Hard evidence of these market changes across all FM Live game worlds
This overall concept is why it’s been proven in statistical reports at Sports Interactive that the average CA of teams starting out in older game worlds is significantly higher than in new ones. The changed variable is only the time shift of a club’s rate/ratio of progression… and it evens out to practically a constant level after the first 3 months or so after a new GW opens. For this fact, I can virtually guarantee you that starting out in a game world that’s 12 months old is quite equal to one that’s 36 months old, 72 months, and so forth as far as the player pool & financial model is concerned.
How can you alter your strategy to succeed in an established world?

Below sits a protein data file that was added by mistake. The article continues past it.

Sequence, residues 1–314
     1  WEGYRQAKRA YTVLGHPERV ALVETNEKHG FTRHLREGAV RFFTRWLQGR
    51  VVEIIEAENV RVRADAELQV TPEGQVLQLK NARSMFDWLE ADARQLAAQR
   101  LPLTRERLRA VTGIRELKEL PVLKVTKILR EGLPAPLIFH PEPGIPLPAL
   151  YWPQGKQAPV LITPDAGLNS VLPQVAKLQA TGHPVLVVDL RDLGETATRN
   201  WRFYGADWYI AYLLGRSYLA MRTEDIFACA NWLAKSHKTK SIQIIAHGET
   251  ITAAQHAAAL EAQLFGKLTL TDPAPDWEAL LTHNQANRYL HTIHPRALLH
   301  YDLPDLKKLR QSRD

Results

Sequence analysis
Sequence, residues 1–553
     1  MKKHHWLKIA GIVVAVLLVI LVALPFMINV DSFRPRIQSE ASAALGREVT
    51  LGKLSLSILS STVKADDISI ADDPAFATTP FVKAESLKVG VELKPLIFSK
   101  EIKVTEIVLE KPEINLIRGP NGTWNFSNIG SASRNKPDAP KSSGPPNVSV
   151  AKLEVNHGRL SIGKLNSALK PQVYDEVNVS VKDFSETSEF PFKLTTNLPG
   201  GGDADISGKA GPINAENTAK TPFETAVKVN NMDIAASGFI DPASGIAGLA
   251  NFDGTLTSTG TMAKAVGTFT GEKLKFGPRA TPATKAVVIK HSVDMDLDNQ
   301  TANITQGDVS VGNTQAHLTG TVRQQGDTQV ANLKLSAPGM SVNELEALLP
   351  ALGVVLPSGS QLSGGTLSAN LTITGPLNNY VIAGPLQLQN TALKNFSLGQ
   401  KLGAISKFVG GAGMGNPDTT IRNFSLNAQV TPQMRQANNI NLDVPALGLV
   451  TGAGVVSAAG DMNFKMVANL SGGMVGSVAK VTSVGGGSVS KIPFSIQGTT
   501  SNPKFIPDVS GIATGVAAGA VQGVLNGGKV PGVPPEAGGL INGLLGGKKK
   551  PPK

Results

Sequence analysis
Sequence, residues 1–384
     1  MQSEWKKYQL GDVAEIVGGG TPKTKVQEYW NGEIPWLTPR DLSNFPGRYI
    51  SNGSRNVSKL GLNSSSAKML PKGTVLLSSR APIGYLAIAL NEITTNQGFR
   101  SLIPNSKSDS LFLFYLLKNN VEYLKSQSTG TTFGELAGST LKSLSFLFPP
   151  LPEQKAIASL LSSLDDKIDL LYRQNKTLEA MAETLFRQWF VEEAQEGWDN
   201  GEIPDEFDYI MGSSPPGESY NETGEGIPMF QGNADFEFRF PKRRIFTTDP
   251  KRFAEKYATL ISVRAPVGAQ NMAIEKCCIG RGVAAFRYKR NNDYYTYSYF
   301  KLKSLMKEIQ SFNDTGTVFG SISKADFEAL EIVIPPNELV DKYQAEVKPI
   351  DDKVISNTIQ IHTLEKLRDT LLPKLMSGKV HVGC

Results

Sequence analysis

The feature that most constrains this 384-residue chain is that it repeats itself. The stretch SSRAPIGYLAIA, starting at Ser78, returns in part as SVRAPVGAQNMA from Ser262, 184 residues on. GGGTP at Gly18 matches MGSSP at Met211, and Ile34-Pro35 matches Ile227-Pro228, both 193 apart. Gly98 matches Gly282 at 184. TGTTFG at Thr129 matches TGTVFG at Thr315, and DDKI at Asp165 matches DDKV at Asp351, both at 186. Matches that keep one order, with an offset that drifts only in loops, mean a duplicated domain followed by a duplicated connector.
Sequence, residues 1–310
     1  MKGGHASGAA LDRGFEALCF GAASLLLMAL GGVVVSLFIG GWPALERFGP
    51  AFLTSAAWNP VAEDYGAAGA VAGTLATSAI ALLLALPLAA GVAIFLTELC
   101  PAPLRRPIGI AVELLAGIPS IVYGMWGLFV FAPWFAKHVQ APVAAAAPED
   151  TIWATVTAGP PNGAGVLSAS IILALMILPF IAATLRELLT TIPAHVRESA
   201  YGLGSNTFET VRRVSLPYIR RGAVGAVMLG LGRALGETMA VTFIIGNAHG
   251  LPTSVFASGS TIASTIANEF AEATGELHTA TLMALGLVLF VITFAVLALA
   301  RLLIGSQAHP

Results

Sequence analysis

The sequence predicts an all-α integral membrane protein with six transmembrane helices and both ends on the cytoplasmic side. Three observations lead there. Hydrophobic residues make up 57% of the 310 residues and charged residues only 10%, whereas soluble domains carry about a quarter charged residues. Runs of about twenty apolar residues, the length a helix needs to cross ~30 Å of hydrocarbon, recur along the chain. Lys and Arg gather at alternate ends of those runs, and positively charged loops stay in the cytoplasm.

Yes, in older game worlds you’re not given the opportunity to exploit the high risk/reward choices available to you within the first 3 months of its life. This just means that a more conservative approach that you might be accustomed to has a potentially better expected value. If you’re coming on and trying to mix it up with a market that is ultra-competitive, your success rate will be very low and likely leave your club in a worse condition of which you started. Instead, a more deliberate method of strategy that only sees your team compete in markets with a higher rate of return would be much more effective.
Not to use baseless stereotyping, but standard FM users are typically not accustomed to a measured approach. This is primarily why I see many quit FM Live after trying “crash and burn” strategies in older game worlds. It simply is not effective…. but instead of researching the root cause of their inability to succeed (don’t dare ever blame yourself for losing!) they would rather call the game rubbish and impossible to play in older worlds.
|Written By Jordan Cooper
A moderator on GW Fowler and a co-founder of Gameworld One.Com, he has hosted/produced the Get Sacked! podcast for nearly two years providing humor and strategical insight to all about the FM series.